South Immanuel packed for 150th, as Lutheran synod plans strategy to aid rural churches in NW Minnesota
By Louis Hoglund
Whether there is only a handful of people in the pews, or the church is overflowing and elbow-to-elbow—Pastor Phillip Tobin preaches to the multitudes every Sunday.
“It’s always like this on Sunday morning…I love being together with rural congregations,” said Pastor Tobin, welcoming worshippers to the 150th celebration of South Immanuel Church. “When I’m here, I always see 200 people out there.”
No imagination was required Sept. 11—because nearly 200 filled the house of worship. Descendents of Norwegian immigrants who founded the church were among those celebrating 150 years.
Centuries of Lutheran tradition were celebrated, with the rousing opening hymn “A Mighty Fortress is Our God”—text written by Martin Luther himself, in the 1500s.
South Immanuel’s roots date to 1870, when the first worship was held in a pioneer’s home, with traveling minister Torjus Vetlesen officiating. Norwegian was the tongue, and English-language services weren’t held until 1918.
Like rural churches across the nation, South Immanuel has faced the challenges of a declining population in the countryside.
Congregation members wondered aloud: Is the 150th anniversary our “Swan Song,” said Rev. Tobin.
“I want everybody to know—that rumor is gone,” said Tobin, optimistically.
“Don’t worry about when or if we will shut the doors,” he added. Rather than a church on “Hospice Care,” Tobin encouraged worshippers to “think about life…Every day is a Resurrection; every day we celebrate.”
Uplifted by Tobin’s messages, the large congregation behaved at times like a southern evangelical tent revival crowd—shouting out “Amens” in an un-Scandinavian-Lutheran manner.
“We have decided that, if and when God chooses to close these doors, the story will continue…The story is the church and the people are the church.”
“If you show up some Sunday and I’m not here, you will know that God has made the decision…but until then, we have a story to tell.”
Joining South Immanuel’s celebration was the Rev. Rebel Hurd, of the Moorhead-based Northwest Minnesota synod offices.
Among young ministers’ assignments will be the newly-forged “Rural Revival” initiative.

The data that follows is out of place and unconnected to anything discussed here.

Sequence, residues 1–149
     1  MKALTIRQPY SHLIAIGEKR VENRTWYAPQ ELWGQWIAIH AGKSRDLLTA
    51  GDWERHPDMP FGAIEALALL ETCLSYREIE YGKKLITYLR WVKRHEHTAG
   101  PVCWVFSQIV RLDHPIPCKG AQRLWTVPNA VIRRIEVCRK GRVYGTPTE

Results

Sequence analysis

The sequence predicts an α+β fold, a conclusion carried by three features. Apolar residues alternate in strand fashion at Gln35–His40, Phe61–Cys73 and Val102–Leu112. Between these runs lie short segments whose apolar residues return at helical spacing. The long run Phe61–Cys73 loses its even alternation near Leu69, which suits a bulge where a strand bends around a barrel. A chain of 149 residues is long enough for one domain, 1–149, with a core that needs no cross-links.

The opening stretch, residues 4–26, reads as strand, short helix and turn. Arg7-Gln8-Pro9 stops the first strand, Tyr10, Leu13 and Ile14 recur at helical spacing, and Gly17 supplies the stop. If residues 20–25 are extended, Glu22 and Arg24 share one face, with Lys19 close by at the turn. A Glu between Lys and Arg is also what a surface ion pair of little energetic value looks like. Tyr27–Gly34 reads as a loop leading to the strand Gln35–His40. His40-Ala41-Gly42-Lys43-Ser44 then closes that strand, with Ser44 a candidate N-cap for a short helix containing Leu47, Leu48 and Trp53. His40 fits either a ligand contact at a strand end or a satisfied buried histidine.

“We care deeply for rural congregations,” said Rev. Hurd, who will be traveling to congregations like South Immanuel. She and others from the synod will be staying in local homes and will be “digging in” and “living life together to see where God sends us next.”
“Strive to enhance the general health and resiliency of congregations with special attention on small member rural congregations,” is a summary of the Northwestern Minnesota Synod’s Rural Revival movement. Rural Revival representatives will “imbed” themselves in the community, said Rev. Hurd.
South Immanuel may be small in number, but big in heart and soul.
This was reflected by previous pastors who returned, and visiting ministers who spoke at the 150th.
“I have a love for this place, and a deep affection for this congregation,” said Rev. Kermit Solem, who served South Immanuel from 1975-1983.
Interim pastor in 2000-2001, Al Sandness, said he cherished his time at South Immanuel.
Communicating by letter was Rev. Ralph Livdahl—now “two years older” than the late Queen Elizabeth, at age 98. His first position was with South Immanuel, from 1951-1956.
South Immanuel’s neighbor, Rev. Leon Anderson, also joined the celebration. He and his wife Helen purchased the parsonage, to the west of the church, in 2000. The distinctive home, built in 1912, has been home to a long line of Lutheran families. Interestingly, Rev. Anderson was longtime pastor at Rothsay Baptist, since retired. Their daughter, Gloria, is South Immanuel’s organist—and she accompanied the congregation at the 150th.
Sadly, Rev. Edward Nieman died July 4th, but his wife Gayle spoke on his behalf. The Niemans were at South Immanuel for an unusually long tenure—from 1984-1999. Their daughters were confirmed at South Immanuel, and were also married in the church.
Rev. Jim Dahl, an interim in the 1980s, spoke of the warm-hearted—though small—congregation. Another interim pastor, Gus Ziegler, chuckled that South Immanuel was so welcoming that “they allowed me to come here as a German—not a Swede or Norwegian.”
South Immanuel is undeniably Norwegian at its historic roots. The first official service after North and South Immanuel separated was at the home of Lars Ohe. Ohe descendants at the 150th included Orland Ohe, Judy Tabbut, and Larry Ohe. They were but a few of the dozens who attended who had ancestral ties to the church.
As the exceptional 1872-2022 church history noted: “…the first settlers knew their God was with them through the blizzards, diphtheria outbreak, prairie fires, locusts, mosquitos and visits from the Chippewa and the Sioux.”